How to Create a Skeleton Screen Loading Effect

My Let’s Build: With JavaScript series continues with a new installment where I teach you to how to create a skeleton screen loading effect with vanilla JavaScript, HTML, and CSS.

This tutorial is inspired by a recent trend I’ve seen emerging on both my employer’s platform (Dribbble), as well as many popular products we all know and love. Google images, for instance, utilizes this feature when you perform a search but they go one step further and dynamically determine the color of the image to be loaded.

The effect known commonly as the skeleton screen effect is a combination of CSS and JavaScript of which combine produces perceived loading states for components on a page. A content card, for example, might have a placeholder for an image, title, and an excerpt that will display on the page’s initial load. Once the content gets injected into the DOM we finally see the content that a user came for in the first place.

View the CodePen

Why use this technique?

In my own perspective, I find it a better-suited solution that traditional CSS spinners or image loaders as the user can predict what kind of content they are about to see. Styling placeholders combined with animations to indicate things are happening is a really great way to tell a user to hang on for a quick second.

How does it all work?

For this tutorial, I’ll start by saying I’m faking the loading time using JavaScript built-in setTimeout function. With that established, I can go on to say we’ll be using some basic HTML to create a card component. Our SCSS will allow us to both create the card UI as well as fire the animation of which we will display until the main content we want gets rendered.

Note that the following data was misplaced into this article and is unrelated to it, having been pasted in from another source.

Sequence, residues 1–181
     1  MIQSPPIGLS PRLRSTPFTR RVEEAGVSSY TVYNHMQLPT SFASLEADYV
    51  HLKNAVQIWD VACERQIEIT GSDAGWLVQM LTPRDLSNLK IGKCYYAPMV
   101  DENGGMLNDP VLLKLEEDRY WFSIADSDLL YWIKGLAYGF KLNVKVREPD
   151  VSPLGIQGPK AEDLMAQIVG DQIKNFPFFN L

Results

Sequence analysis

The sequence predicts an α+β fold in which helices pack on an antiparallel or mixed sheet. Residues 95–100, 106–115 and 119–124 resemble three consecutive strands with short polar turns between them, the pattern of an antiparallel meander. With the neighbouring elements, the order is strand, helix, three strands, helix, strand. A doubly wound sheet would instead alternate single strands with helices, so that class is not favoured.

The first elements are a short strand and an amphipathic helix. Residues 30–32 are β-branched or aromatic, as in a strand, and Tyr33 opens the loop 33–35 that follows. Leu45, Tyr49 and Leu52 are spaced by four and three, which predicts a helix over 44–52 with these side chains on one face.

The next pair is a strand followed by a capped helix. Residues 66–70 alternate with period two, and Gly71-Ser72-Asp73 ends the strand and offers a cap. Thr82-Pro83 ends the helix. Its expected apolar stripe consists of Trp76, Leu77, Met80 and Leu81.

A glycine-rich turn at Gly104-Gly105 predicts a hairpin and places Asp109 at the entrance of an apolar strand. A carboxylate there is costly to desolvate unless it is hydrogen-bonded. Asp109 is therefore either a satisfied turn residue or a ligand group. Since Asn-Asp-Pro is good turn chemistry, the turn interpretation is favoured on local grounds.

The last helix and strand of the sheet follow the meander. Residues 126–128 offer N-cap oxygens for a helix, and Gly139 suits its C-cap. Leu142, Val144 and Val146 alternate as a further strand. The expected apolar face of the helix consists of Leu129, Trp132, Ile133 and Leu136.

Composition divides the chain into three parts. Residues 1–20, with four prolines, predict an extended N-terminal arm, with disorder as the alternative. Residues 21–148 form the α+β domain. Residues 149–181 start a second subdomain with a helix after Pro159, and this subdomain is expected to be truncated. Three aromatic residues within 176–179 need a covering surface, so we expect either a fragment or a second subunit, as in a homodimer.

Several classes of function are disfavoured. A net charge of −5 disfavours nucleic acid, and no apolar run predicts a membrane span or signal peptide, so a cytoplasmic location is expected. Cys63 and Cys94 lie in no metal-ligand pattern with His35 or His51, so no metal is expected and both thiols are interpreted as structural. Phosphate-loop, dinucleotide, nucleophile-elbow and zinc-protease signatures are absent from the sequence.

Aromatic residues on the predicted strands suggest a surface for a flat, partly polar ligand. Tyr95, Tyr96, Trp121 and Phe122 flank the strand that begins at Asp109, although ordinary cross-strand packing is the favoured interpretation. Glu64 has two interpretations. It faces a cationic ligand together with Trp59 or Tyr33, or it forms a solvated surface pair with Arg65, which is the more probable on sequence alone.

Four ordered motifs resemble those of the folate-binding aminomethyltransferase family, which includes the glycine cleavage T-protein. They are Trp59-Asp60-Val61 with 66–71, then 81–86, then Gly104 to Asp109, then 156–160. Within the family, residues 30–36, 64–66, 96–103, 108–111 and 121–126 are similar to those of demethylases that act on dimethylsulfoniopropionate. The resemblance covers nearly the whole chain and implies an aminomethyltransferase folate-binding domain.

HTML MARKUP

I start with a container div which wraps our card component and renders it in the center of the page. Then I create a new section element that contains a figure element and a card-detail element. Within the card-detail element is an h3 and p tag. All of our markup is empty because I’ll be injecting content using JavaScript. There are better ways to approach this from the stance of SEO and Accessibility but I’ll ignore those for now (I know, I shouldn’t!).

Notice the addition of a loading class on three of the elements. The CSS will target these and create a background image/color scenario that is animated. This styling gives the perception of a loading state.

<div class="container">
  <section class="card">
    <figure class="card-image loading"></figure>
    <div class="card-detail">
      <h3 class="card-title loading"></h3>
      <p class="card-description loading"></p>
    </div>
  </section>
</div>

CSS/SCSS

The card can’t look like a card without some CSS so below is the styles I used to get the look and feel down. Pay attention to the .loading class. There’s where all the magic happens for the skeleton screen effect. We use a gradient with a unique setting. From there we animate it infinitly.

$border-color: #dae1e7;
$background-color: #f4f4f4;
$text-color: #333;

body {
  background: $background-color;
  margin: 0;
  padding: 0;
  font-family: system-ui,-apple-system,BlinkMacSystemFont,Segoe UI,Roboto,Oxygen,Ubuntu,Cantarell,Fira Sans,Droid Sans,Helvetica Neue;
  color: $text-color;
}

.container {
  margin: 2rem auto;
  max-width: 800px;
  display: flex;
  justify-content: center;
}